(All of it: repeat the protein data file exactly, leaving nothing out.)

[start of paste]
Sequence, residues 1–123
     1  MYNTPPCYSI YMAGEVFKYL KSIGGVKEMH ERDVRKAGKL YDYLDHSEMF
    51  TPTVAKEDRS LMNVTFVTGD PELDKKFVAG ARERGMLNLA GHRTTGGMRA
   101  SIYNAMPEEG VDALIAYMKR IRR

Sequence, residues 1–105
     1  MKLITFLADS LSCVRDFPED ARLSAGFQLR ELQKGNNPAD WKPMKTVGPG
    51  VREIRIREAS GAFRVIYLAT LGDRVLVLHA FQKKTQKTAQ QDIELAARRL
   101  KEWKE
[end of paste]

Sequence, residues 1–123
     1  MYNTPPCYSI YMAGEVFKYL KSIGGVKEMH ERDVRKAGKL YDYLDHSEMF
    51  TPTVAKEDRS LMNVTFVTGD PELDKKFVAG ARERGMLNLA GHRTTGGMRA
   101  SIYNAMPEEG VDALIAYMKR IRR

Sequence, residues 1–105
     1  MKLITFLADS LSCVRDFPED ARLSAGFQLR ELQKGNNPAD WKPMKTVGPG
    51  VREIRIREAS GAFRVIYLAT LGDRVLVLHA FQKKTQKTAQ QDIELAARRL
   101  KEWKE